Unfortunately just because you landed an agent doesn't mean that the two of you will have a good working relationship. It finally hit me a while back that things weren't working out with my first agent. But what was I supposed to do? The idea of parting ways with him made me sick. Could I get another one? Should I? There are a few other questions you should ask yourself first
What should you expect from your agent? What's normal and what's not? What are red flags that things aren't working out or legit? These are all questions that go through your mind when you're searching for an agent and after you first land one. Having had two agents I've had two completely different experiences. One bad, one good.
My first agent was for my adult fantasy series. My books would be one of their first ventures into the fantasy genre. That was a red flag but I didn't know it at the time. They had represented some excellent authors so I figured they knew what they were getting into.
I received an offer of representation through the email. For me this is a red flag because I'm all about personal communication. This is not terribly unusual I've come to learn, just impersonal. They did not have me sign a contract. Again, not terribly unusual for an agent taking on a first time author. If they're on the fence about you or your project this is a way to protect themselves if they can't sell it. Then they can drop you, which is why it's a red flag. Not to mean they aren't legit, just to mean they may not be sure they can sell your work.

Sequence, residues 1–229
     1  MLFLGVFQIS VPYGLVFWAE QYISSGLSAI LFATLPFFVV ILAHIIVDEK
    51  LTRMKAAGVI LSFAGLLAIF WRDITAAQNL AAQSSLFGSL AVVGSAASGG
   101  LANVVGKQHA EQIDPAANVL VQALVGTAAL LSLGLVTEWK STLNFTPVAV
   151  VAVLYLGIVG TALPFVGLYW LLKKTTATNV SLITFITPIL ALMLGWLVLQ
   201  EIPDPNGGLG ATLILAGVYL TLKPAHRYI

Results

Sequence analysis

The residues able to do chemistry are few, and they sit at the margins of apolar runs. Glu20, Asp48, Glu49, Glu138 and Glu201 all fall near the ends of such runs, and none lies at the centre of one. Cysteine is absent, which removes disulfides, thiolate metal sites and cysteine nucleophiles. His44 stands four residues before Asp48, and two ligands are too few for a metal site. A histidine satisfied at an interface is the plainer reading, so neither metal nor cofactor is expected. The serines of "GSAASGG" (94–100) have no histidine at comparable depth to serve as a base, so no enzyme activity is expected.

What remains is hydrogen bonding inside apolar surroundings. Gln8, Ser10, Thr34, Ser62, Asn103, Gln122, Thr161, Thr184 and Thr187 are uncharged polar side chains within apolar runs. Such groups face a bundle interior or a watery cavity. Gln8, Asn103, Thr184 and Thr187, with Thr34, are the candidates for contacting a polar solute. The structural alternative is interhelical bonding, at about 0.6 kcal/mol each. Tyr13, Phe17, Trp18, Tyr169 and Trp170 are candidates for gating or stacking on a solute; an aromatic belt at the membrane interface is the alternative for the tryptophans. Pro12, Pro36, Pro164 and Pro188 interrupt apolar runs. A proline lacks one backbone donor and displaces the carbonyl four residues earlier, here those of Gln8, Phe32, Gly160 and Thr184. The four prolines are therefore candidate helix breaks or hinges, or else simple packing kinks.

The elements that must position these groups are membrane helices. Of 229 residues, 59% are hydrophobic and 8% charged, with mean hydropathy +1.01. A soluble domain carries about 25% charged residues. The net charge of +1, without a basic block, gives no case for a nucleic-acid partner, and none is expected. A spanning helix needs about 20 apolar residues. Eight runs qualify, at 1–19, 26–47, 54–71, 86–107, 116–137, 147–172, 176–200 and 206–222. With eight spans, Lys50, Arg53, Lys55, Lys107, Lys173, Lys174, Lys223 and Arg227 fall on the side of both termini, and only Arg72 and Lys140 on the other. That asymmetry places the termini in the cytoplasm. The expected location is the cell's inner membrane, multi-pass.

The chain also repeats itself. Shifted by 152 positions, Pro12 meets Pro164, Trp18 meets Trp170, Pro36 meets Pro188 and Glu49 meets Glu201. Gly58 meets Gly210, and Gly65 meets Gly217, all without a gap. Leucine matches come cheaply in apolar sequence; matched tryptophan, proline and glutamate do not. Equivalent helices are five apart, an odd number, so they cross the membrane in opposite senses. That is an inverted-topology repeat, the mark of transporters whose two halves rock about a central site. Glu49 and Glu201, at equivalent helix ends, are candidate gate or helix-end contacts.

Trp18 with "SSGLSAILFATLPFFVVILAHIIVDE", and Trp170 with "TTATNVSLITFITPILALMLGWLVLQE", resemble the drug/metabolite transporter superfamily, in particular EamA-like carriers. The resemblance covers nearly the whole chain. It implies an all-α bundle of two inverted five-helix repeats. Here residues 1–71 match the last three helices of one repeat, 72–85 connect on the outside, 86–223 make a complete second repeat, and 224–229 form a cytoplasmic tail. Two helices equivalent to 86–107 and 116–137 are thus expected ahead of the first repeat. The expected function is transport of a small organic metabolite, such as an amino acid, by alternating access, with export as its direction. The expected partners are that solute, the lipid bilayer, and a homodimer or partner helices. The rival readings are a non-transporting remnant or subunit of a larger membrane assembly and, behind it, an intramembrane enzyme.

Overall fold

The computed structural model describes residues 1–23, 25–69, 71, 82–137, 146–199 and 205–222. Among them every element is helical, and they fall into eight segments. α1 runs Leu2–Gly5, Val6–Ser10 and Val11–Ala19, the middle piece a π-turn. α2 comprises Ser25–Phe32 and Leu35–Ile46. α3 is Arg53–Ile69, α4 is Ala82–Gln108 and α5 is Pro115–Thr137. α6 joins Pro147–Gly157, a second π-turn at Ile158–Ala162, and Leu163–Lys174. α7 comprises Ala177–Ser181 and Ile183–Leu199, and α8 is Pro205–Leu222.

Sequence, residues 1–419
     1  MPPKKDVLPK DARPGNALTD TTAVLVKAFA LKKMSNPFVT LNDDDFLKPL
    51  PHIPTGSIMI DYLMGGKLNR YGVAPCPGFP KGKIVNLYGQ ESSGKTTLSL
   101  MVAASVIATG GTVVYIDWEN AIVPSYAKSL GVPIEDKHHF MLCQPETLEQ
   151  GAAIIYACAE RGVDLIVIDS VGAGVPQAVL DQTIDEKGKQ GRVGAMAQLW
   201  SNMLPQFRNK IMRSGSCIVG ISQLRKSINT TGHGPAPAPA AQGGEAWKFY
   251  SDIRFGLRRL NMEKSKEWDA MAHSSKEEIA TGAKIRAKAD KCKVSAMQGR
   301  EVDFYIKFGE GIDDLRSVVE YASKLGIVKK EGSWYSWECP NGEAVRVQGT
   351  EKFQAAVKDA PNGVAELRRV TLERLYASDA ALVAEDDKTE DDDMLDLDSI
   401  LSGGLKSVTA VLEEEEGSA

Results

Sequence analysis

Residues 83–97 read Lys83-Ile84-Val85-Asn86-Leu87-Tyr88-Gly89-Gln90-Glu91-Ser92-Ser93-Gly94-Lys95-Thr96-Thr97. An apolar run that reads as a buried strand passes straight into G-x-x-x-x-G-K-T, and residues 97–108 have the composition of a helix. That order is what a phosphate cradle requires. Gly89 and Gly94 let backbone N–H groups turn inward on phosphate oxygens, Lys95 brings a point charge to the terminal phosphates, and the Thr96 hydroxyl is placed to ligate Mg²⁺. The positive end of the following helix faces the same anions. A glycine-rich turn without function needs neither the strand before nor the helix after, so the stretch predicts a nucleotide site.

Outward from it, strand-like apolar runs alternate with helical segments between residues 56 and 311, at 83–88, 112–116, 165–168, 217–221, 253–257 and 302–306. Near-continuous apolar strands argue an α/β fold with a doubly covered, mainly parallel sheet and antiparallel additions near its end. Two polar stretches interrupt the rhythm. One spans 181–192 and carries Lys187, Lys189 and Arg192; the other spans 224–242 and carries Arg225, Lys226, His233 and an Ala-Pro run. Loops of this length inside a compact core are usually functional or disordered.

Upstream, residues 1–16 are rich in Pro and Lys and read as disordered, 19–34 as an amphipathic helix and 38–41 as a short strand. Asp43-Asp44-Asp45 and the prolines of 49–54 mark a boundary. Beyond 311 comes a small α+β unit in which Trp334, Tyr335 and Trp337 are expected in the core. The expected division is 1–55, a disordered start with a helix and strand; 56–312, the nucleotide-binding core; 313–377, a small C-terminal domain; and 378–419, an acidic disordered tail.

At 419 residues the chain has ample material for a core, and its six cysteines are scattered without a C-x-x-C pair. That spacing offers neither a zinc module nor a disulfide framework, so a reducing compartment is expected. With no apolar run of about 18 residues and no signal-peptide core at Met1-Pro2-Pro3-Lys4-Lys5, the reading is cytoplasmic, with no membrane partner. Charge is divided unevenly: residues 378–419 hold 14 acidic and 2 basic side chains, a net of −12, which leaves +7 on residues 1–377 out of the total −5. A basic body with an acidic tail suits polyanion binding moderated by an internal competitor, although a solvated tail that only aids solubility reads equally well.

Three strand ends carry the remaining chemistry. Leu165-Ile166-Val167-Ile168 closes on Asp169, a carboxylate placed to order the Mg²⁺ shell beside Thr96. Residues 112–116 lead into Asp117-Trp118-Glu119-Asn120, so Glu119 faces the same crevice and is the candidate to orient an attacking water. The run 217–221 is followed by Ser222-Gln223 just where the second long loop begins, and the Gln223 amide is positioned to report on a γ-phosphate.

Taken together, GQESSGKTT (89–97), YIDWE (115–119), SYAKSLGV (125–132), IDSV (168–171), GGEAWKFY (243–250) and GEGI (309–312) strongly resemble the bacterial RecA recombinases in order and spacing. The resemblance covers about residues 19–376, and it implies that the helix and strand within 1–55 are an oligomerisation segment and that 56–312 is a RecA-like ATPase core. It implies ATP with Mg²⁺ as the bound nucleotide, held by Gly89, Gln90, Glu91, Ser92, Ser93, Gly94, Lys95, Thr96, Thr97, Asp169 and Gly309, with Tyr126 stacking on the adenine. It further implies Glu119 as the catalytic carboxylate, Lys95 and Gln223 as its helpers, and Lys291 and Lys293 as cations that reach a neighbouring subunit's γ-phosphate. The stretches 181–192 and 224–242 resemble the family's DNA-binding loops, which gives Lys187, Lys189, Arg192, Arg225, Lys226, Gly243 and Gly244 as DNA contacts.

Once they deemed it ready to submit they didn't tell me who they were sending it to. Red flag. After almost a year they stopped answering my emails. I wasn't a pest, one email a month at the very most. Red flag. If you're a pest they aren't going to answer them all but if you aren't they really should be answering you. I called them twice in the course of that year and they were 'out of the office' both times. They didn't return those calls. Red flag. After I pushed hard I received an apologetic email answer (we only talked on the phone once the entire time) that things had been hectic and they hadn't had time for my manuscript. Crimson flag. After pushing even harder I learned they had only sent it out to two houses over the entire year! Red flag. At this point we parted ways since he was too busy for my project (in other words had lost interest!). I wish he'd told me that six months ago.
Thankfully in the meantime I'd kept writing, had finished another series, and had been looking for another agent for it since mine did not want to rep young adult. My new agent has been completely different every step of the way and I'm loving it. Every agent does things different. Finding the right one is not easy. Best of luck!
For some expert advice on the subject from lit agent Kristen Nelson check this out: http://pubrants.blogspot.com/
A great link from the folks at Writer's Digest on how to break up with your agent: http://ow.ly/vU0x